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We would wish to thank Dr Mackin for pointing out our error in stating that the Pope et al (1991) study used valproate semisodium and not sodium valproate. He also draws attention to a possible misinterpretation in our section on tolerability. We did not wish to imply that Epilim Chrono, a combination formulation of sodium valproate and valproic acid, was enteric coated. However we believe this does not alter our underlying opinion that US data derived from non-enteric coated forms of valproate should not be extra-polated in relation to the general use of valproate in the UK, unless interpreted cautiously. Epilim Chrono by nature of its modified release formulation does not release a bolus of valproate in the stomach and based on the assumption that gastric side effects are concentration related, cannot be regarded as the same as non-enteric coated valproate with respect to gastric side effects. Although Epilim Chrono may be the most commonly used preparation in the UK, figures from the Prescription Pricing Bureau in England show that it only accounts for around 30% of valproate items dispensed in tablet form.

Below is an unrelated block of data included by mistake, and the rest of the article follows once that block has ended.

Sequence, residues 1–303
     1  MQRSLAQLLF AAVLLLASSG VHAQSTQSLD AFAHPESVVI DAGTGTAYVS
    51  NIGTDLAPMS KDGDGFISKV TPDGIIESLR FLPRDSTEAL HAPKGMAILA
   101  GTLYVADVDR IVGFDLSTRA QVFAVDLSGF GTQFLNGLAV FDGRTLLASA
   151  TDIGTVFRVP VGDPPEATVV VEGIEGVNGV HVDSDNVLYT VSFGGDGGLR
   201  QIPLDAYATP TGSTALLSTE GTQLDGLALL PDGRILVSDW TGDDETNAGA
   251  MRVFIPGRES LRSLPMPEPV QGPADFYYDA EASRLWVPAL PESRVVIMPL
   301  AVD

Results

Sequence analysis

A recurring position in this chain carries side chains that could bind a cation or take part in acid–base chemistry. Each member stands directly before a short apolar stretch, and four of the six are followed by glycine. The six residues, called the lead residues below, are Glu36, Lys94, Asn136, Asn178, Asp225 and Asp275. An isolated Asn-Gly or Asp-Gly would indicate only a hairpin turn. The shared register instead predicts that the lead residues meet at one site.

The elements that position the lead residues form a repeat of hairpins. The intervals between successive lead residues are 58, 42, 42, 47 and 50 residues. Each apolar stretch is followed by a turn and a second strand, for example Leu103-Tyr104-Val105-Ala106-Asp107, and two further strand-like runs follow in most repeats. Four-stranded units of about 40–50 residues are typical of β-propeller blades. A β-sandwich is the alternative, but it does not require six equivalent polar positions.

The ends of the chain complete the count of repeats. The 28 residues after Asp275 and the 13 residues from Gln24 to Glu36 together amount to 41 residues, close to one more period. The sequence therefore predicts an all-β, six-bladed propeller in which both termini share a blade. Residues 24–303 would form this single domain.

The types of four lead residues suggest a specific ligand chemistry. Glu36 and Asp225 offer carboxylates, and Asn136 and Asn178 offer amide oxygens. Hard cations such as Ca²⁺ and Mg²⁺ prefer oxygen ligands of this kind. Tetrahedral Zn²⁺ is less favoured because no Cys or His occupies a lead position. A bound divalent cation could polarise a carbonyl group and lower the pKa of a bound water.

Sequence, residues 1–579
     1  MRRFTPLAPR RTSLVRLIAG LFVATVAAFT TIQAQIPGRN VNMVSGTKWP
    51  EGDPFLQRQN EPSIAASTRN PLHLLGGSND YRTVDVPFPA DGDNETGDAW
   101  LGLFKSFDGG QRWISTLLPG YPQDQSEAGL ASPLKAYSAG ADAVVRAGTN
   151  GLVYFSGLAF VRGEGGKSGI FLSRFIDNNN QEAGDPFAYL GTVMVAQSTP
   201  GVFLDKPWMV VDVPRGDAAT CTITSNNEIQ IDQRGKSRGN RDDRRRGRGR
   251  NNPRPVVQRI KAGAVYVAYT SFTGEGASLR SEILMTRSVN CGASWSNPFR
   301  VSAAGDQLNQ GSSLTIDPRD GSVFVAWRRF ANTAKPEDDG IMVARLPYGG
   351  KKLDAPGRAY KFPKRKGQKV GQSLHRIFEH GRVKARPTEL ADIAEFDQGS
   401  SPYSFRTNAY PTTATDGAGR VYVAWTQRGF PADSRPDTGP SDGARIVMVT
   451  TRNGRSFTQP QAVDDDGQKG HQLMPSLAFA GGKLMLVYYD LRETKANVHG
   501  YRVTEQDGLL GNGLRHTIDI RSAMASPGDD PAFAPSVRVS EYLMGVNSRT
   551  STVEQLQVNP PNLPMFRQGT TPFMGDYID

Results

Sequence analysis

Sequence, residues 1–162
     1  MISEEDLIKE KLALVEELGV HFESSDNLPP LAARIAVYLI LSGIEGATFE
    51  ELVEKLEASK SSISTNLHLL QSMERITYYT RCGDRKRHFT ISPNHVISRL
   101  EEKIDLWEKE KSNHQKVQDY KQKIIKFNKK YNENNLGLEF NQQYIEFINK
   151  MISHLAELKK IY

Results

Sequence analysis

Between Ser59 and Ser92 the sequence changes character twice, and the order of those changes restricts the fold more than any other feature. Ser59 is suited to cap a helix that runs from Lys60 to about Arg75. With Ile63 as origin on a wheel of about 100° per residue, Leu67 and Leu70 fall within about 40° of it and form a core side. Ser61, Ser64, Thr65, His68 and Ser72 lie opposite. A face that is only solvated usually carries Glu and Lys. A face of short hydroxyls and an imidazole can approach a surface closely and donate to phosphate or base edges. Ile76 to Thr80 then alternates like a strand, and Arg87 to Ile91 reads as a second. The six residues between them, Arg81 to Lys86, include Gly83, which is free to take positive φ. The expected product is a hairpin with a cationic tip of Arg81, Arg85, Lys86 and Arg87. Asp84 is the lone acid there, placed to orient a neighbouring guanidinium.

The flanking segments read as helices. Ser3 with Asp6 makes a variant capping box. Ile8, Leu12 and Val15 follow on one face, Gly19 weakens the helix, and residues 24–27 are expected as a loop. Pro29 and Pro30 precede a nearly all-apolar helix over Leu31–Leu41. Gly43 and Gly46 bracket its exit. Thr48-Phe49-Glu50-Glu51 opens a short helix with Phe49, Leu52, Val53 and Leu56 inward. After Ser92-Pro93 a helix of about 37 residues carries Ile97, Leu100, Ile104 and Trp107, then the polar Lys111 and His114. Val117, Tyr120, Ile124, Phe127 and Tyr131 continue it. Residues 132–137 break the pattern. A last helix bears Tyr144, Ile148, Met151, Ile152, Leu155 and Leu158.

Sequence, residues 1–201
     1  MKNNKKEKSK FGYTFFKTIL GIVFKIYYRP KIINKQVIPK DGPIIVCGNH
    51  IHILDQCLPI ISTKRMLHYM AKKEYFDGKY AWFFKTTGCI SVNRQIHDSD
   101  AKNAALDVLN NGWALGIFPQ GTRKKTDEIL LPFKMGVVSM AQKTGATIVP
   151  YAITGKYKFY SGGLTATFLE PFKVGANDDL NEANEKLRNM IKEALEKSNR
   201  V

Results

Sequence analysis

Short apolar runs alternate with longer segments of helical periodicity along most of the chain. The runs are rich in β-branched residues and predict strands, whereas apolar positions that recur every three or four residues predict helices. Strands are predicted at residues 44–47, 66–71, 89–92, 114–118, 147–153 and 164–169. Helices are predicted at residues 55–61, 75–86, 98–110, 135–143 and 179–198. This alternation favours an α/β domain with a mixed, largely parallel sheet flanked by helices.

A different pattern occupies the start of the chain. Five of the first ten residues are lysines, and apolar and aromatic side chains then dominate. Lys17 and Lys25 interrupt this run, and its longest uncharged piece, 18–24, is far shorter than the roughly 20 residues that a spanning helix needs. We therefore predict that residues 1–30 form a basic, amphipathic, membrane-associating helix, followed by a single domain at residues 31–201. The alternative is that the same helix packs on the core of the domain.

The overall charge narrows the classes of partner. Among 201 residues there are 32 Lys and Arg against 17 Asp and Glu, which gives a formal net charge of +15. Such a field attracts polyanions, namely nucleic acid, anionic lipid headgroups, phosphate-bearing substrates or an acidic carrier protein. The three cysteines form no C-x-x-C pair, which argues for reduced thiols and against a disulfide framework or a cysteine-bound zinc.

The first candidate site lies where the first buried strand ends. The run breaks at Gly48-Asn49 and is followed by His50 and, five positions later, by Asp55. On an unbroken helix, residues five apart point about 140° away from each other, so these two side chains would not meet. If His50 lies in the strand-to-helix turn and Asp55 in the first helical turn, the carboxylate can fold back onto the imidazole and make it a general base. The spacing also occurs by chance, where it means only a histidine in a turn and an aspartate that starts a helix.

At the time we submitted our paper, 2003 data mentioned by Dr Mackin were not available to us. Dr Mackin mentions the NICE (2003) Technology Appraisal, number 66. We were surprised by the government-directed remit for this particular appraisal, set out in section 3.1; that only medicines with a licence for the treatment of bipolar disorder were to be considered. This is in contrast to other areas of medicine where NICE have clearly felt ‘off licence’ use was within their remit. One effect of this was to exclude drugs with an established ‘off licence’ use and create a spurious belief among many psychiatrists that valproate semisodium had to be used in preference to other forms of valproate because it was the only form approved of by NICE. Local Drug and Therapeutics Committees were left to struggle with this issue.